Melting ice caps and nuclear proliferation have seen a surge in popularity within apocalyptic fiction — notably, the idea that anthropogenic climate change has given rise to outlandish beasts like the killer sharks of Sharknado or the invading ‘Kaiju’ of Pacific Rim.
While Earth is nowhere near that point yet, U of T researchers have taken a step back from the fantastical, weighing in instead on the link between climate change and genetic changes.
One notable study published in Science earlier this month examined the evolutionary responses of yellow warblers to climate change. Yellow warblers are migratory birds that inhabit a wide geographical distribution in North America and dwell in a variety of habitats. The birds were chosen for further study as declines in some populations indicated that they may have been subject to negative effects of climate change.
The study obtained data by collecting DNA samples from 229 birds from across the yellow warblers’ area of habitation. 100,000 single-nucleotide polymorphisms — a distinction apparent in a single base pair of a DNA sequence — were analyzed in relation to 25 environmental variables.
These variables included precipitation, temperature, or elevation. They found that certain polymorphisms were strongly associated with environmental factors, lending credence to postulations that populations of yellow warblers are dying out due to changing environmental conditions.
According to Dr. Arthur E. Weis, a professor of Ecology and Evolutionary Biology at U of T, yellow warblers are not the only species who exhibit evolutionary responses to climate change. He noted that anthropogenic changes to the environment have already spurred genetic changes in various species depending on the length of their life cycles.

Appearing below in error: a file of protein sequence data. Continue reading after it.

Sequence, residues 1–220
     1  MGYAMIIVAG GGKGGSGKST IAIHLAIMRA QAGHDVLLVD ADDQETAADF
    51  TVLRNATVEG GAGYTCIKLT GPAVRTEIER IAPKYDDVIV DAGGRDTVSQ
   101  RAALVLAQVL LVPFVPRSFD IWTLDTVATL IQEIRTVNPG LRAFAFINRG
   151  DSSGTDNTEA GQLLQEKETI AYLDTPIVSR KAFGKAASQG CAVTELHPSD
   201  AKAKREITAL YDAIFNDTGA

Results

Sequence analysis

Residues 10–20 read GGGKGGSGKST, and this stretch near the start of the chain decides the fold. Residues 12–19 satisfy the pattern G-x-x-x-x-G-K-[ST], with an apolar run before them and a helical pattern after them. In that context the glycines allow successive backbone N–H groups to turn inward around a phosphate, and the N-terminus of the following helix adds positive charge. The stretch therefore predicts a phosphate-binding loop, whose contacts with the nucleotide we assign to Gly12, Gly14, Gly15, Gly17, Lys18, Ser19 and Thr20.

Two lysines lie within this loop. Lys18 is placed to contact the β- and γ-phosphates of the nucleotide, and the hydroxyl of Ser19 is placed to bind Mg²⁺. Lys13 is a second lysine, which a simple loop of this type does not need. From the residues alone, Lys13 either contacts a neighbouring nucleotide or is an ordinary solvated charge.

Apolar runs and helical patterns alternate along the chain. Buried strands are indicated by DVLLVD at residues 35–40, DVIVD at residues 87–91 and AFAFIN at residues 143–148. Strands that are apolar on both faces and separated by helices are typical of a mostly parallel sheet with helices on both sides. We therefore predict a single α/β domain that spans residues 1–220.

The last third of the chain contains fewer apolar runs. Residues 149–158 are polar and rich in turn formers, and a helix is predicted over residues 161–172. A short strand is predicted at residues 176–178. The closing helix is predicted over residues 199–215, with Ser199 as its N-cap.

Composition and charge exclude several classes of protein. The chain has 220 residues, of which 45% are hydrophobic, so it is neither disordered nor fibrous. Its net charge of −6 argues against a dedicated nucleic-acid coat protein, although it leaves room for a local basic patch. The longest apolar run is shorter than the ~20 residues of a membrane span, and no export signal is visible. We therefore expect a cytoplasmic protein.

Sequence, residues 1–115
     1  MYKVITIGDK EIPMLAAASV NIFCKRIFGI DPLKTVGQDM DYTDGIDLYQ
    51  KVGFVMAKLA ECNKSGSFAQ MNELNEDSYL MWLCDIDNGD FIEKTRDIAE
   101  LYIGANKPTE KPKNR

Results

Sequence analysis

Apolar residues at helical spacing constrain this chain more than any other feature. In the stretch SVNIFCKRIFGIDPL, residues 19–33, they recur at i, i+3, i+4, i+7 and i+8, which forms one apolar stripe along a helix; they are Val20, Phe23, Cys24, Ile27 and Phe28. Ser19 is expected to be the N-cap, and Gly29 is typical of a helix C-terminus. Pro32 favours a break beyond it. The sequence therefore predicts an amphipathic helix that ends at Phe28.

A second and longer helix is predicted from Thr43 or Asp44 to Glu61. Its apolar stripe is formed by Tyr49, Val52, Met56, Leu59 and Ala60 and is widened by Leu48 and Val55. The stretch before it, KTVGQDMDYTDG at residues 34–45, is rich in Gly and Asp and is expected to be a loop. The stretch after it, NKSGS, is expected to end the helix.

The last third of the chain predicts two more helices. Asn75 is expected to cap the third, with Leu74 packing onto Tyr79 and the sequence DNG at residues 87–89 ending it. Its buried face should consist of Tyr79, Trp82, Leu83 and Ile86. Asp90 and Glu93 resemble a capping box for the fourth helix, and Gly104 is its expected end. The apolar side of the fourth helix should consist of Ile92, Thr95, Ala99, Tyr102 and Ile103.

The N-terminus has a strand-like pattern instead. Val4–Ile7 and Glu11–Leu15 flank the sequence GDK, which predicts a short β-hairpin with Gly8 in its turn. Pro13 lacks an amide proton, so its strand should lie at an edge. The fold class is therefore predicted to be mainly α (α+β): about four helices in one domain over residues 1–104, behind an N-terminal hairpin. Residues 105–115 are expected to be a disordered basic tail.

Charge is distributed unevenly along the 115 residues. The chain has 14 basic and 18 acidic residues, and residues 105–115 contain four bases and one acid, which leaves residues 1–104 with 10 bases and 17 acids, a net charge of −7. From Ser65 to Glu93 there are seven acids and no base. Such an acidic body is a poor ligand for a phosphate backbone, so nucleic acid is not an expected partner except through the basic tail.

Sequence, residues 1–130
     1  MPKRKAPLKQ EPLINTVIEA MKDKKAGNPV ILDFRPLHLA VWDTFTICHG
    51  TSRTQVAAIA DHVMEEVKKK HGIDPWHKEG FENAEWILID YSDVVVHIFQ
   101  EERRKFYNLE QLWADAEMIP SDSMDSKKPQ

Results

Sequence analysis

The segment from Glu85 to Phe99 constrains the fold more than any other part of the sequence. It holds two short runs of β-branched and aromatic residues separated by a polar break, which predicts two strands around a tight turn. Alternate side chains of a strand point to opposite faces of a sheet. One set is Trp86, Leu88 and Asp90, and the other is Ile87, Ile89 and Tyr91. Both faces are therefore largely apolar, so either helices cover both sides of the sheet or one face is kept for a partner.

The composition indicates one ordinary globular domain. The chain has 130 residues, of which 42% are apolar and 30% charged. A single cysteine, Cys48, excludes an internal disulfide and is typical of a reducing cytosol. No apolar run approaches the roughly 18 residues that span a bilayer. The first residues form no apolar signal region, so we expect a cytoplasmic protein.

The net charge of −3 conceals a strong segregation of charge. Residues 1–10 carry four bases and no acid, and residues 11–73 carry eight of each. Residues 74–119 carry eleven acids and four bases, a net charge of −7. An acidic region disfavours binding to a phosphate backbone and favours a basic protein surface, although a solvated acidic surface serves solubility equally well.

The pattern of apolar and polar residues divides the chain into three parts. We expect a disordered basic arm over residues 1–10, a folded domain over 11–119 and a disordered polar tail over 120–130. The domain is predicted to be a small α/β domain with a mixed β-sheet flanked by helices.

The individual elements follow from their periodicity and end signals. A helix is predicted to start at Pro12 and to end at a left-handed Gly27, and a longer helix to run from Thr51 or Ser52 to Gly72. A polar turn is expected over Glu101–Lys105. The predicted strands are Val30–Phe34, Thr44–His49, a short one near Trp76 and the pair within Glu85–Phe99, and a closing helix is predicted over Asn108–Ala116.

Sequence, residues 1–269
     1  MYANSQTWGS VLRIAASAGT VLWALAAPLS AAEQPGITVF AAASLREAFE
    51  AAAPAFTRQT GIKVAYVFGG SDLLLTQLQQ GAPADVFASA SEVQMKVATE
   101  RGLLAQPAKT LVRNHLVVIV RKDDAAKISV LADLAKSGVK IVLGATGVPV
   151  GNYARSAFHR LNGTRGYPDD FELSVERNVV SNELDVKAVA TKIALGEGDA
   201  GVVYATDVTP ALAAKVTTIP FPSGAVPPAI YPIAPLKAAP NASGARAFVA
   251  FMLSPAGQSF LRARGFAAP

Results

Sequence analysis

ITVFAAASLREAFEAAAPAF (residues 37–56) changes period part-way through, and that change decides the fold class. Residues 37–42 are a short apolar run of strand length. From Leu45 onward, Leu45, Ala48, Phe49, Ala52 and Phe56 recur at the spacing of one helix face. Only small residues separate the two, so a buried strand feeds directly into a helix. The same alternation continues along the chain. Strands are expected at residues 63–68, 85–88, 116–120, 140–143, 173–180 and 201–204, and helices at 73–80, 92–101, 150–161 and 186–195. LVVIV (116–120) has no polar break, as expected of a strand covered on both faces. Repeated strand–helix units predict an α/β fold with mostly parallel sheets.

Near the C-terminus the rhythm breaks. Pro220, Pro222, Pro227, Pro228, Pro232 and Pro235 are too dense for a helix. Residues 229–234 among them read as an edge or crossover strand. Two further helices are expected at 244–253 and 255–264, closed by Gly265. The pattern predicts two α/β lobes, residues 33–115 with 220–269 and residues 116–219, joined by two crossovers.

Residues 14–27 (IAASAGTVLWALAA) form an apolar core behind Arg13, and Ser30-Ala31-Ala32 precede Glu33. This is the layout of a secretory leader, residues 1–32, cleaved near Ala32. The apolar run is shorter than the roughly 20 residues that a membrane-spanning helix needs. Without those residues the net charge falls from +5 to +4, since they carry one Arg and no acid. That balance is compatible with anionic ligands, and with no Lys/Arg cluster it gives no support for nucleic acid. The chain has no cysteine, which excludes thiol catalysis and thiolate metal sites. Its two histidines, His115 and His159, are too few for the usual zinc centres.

“Species with very rapid life cycles will generally evolve faster,” said Weis. “Fruit flies, for instance, can go through many generations per year, and so are likely to have rapid evolutionary shifts.” In contrast, forest trees have longer life cycles and respond relatively more slowly to natural selection.
Other examples include mustard weed, which have survived recent California droughts by naturally selecting plants that flower quicker. Fruit fly populations at higher latitudes have also started to show genetic changes that reflect adaptations to warmer temperatures.
Regardless of the magnitude of the effects seen today, many agree that this is an important phenomenon to study.
“Conservation planners can make better decisions if they can take evolutionary potential into account,” said Weis. “Species likely to adapt quickly may need less attention that slow ones.”
According to the study and based on current changes in climate, the impact and strain of anthropogenic sources of global warming on biodiversity will only continue to intensify.